In-situ monitoring of Cryptosporidium parvum oocyst surface adhesion using ATR-FTIR spectroscopy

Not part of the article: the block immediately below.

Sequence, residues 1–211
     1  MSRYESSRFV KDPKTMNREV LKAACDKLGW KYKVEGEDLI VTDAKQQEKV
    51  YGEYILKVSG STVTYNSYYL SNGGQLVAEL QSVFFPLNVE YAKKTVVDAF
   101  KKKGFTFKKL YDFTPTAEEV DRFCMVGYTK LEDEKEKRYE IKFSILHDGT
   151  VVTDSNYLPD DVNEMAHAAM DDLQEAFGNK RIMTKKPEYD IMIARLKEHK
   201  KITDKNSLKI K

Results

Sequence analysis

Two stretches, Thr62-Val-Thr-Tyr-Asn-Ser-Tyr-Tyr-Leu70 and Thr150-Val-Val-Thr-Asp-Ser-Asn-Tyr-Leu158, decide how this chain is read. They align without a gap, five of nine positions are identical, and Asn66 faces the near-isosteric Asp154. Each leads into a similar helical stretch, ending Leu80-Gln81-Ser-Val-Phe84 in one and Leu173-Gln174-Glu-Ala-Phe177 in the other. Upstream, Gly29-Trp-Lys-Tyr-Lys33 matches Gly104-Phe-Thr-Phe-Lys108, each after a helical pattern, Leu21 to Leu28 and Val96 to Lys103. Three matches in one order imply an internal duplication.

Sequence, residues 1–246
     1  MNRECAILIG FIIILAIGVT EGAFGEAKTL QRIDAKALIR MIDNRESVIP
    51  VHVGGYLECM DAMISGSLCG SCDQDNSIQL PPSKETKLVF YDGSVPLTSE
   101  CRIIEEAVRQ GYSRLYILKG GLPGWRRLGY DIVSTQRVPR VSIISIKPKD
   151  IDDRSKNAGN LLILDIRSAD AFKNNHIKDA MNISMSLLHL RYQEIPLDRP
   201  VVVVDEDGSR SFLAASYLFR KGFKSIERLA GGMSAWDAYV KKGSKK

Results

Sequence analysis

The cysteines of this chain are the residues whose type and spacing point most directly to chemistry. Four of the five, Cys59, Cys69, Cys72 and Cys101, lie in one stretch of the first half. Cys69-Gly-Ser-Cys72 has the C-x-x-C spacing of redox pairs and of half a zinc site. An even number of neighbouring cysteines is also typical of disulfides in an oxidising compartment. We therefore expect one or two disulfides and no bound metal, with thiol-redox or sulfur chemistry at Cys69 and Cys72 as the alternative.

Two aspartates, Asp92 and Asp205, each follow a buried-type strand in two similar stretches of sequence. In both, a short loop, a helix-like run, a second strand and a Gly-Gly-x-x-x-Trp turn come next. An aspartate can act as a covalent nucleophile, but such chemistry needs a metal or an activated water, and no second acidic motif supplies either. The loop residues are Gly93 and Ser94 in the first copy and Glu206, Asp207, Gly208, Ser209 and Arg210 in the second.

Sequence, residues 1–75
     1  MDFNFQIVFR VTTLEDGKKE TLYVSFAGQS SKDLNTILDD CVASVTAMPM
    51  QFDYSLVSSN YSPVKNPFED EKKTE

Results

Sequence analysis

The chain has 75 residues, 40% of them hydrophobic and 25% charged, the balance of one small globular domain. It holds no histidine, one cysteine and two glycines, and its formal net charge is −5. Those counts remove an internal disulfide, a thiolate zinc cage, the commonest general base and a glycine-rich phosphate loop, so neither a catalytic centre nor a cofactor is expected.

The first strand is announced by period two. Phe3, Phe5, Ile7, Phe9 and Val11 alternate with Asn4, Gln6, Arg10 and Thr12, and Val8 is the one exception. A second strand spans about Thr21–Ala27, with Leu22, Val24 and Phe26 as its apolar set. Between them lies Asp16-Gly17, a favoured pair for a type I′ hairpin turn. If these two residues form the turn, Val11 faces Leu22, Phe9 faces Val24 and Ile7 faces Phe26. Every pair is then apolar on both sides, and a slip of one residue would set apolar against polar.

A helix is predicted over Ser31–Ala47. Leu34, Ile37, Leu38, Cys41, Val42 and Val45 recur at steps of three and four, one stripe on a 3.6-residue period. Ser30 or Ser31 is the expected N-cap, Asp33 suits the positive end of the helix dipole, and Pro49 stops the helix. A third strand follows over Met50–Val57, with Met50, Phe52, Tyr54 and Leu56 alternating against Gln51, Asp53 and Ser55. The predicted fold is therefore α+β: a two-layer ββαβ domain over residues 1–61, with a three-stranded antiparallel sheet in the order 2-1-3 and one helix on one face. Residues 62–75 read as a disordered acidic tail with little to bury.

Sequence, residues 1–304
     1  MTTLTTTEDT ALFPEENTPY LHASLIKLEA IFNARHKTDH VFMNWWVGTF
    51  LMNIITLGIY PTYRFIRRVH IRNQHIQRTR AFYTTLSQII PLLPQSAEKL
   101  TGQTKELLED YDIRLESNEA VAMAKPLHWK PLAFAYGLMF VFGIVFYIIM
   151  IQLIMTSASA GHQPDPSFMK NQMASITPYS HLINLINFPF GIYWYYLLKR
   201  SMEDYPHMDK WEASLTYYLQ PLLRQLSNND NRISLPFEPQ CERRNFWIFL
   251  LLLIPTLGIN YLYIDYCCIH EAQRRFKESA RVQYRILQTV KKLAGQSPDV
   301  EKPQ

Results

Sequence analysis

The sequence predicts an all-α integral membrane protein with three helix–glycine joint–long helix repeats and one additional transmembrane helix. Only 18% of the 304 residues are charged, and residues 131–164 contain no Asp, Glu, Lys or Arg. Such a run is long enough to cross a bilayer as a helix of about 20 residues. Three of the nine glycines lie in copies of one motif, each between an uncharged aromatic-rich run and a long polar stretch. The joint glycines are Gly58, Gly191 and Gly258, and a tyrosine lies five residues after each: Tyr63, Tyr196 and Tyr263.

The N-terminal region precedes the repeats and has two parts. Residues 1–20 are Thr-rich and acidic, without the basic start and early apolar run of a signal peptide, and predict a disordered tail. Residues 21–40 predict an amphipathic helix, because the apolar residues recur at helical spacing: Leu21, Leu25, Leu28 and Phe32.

ABSTRACT Surface chemistry and molecular interaction mechanisms of Cryptosporidium parvum oocysts with a ZnSe internal reflection element (IRE) surface were investigated as a function of pH and ionic strength in NaCl and CaCl(2) background electrolyte using in-situ ATR-FTIR spectroscopy. Since the surface properties of oocysts play an important role in adhesion behavior, the effects of surface modifications that are commonly employed to inactivate the pathogen for laboratory studies, including viable (control), formalin-, and heat-inactivation, were also examined. The ATR-FTIR spectra of oocyst surfaces exhibit amide, carboxylate, phosphate, and polysaccharide functional groups. Results indicate that changes in solution chemistry strongly impact oocyst adhesion behavior in aqueous systems. Increasing ionic strength from 1 to 100 mM or decreasing pH from 9.0 to 3.0 resulted in an increase in oocyst adhesion to the IRE surface as measured by IR absorbance. For equivalent ionic strength, the adhesion rate was found to be independent of CaCl(2) versus NaCl electrolyte solution, but was increased following formalin and heat treatments. This latter effect correlated with molecular changes reflected in spectral data. The ratio of amide I:amide II band intensities increased, and sugar ring vibrations at 1023 cm(-1) became sharper and more intense following formalin treatment. Similar changes in the polysaccharide region were observed following heat treatment, and protein secondary structure was also altered from mainly parallel beta-sheet to anti-parallel beta-sheet conformation.